After The Beatles broke up, George Harrison aired his grievances about Paul McCartney and John Lennon. While they had worked together for years, the former bandmates didn’t exactly speak glowingly about one another in the press. Harrison often felt that McCartney and Lennon overlooked his contributions to the band. In one interview, he complained about McCartney’s controlling nature regarding his music. He also said that McCartney was writing music for an audience of teenagers.
The Beatles broke up in 1970
By the mid-1960s, Harrison was tiring of his role in The Beatles. They had been the most popular in the world for years, and the pressures of fame were becoming unbearable. He said that he felt a sense of relief when the band broke up in 1970.
“There was a sense of relief after that, getting home [from the final show],” he told Rolling Stone in 1987. “Then we spent what seemed like fifty years going in and out of each other’s houses, writing tunes and going into the studio for Sgt. Pepper and the White Album. But for me, I think for all of us, it was just too much. The novelty had worn off. Everybody was growing up. Everybody was getting married and leaving home, in effect. I think it was inevitable, really.”
Long after the split, people still asked Harrison if The Beatles would ever get back together. The question frustrated him, as he felt it was best to move forward and not continually revisit the past.
George Harrison said Paul McCartney wrote for a teenage audience
In a 1977 interview, Harrison voiced his frustration that McCartney and Lennon often wanted to work solely on the songs they wrote. They wouldn’t help the other members of the band until all their songs were done.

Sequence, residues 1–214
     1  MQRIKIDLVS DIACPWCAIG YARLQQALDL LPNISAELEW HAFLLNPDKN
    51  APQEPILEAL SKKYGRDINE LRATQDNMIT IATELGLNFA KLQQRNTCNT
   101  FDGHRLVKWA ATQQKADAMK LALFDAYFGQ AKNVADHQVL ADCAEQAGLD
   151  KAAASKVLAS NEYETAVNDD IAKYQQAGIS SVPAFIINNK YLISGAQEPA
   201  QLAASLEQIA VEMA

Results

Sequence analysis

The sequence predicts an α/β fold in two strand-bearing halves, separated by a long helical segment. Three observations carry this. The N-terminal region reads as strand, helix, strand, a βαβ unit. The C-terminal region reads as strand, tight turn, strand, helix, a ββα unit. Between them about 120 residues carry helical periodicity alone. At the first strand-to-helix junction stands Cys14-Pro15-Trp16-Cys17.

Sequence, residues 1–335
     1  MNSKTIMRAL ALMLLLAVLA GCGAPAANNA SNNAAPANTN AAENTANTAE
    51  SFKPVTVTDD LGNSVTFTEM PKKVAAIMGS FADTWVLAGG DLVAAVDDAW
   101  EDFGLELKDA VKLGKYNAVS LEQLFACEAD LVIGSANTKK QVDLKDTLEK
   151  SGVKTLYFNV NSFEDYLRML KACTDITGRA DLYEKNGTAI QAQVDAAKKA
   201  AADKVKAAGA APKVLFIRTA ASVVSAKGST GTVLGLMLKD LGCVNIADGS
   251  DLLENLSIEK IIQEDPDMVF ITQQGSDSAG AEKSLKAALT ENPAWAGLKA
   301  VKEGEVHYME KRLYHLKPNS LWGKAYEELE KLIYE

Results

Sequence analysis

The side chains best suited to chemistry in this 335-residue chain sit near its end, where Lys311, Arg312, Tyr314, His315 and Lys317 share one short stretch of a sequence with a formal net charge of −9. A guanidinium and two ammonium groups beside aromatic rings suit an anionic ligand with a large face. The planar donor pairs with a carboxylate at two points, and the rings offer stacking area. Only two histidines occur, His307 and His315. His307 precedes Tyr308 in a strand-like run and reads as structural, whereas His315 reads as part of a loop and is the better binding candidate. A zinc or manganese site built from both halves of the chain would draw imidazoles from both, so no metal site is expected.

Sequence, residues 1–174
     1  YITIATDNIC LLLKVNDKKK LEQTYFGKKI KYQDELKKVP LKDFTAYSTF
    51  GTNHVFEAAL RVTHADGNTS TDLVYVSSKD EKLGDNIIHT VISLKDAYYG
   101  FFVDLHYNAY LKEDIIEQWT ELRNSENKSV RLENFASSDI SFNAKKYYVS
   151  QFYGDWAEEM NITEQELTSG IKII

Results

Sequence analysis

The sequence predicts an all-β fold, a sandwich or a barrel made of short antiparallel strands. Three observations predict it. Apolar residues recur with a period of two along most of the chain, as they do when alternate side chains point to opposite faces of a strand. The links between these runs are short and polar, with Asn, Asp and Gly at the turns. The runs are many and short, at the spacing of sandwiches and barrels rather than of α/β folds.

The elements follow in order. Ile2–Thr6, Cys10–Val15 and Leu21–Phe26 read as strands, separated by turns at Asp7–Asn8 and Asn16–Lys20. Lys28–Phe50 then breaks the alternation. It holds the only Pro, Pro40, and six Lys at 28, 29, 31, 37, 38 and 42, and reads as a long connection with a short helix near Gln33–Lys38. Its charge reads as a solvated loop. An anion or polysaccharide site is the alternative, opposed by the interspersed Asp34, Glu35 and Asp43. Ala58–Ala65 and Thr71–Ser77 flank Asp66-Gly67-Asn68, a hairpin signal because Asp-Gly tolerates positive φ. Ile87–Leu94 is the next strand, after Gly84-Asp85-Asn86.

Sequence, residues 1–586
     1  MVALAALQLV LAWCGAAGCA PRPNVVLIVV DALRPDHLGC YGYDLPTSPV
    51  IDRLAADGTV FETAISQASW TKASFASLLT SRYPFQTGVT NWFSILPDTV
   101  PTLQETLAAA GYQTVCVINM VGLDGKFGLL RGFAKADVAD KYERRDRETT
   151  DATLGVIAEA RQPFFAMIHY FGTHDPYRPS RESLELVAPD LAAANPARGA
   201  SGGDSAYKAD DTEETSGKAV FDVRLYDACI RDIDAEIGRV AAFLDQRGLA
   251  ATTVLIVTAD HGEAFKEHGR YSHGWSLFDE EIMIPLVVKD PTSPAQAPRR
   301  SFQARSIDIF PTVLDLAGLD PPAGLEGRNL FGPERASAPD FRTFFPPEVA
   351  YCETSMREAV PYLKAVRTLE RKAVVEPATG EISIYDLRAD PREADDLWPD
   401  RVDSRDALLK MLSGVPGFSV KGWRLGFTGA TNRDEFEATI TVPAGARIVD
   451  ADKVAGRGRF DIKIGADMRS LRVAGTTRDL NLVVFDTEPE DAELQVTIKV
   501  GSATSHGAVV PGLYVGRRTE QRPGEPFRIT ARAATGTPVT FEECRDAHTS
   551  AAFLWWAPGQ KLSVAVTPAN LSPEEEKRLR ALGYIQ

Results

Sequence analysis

“The problem was that John and Paul had written songs for so long it was difficult,” he said, per the book George Harrison on George Harrison. “First of all because they had such a lot of tunes and they automatically thought that theirs should be the priority, so for me I’d always have to wait through ten of their songs before they’d even listen to one of mine.”
He said that McCartney was particularly bad about this.
“Paul would always help along when you’d done his ten songs, then when he got ’round to doing one of my songs, he would help,” Harrison said. “It was silly. It was very selfish, actually.”
He said that after the band broke up, the songs McCartney began putting out seemed fitting for an audience of young teenagers. Even in The Beatles, Harrison didn’t think that some of McCartney’s work was particularly strong. He pointed to the song “Maxwell’s Silver Hammer” as an example.
“After a while we did a good job on it, but when Paul got an idea or an arrangement in his head … but Paul’s really writing for a 14-year-old audience now anyhow,” he said. “I missed his last tour, unfortunately.”
George Harrison and Paul McCartney reconciled before Harrison’s death
While there was simmering animosity between the two men in the 1970s, Harrison and McCartney had reconciled by the time Harrison died.
“I sat with him for a few hours when he was in treatment just outside New York,” McCartney told Uncut. “He was about 10 days away from his death, as I recall. We joked about things – just amusing, nutty stuff. It was good. It was like we were dreaming. He was my little baby brother, almost, because I’d known him that long. We held hands. It’s funny, even at the height of our friendship – as guys – you would never hold hands. It just wasn’t a Liverpool thing. But it was lovely.”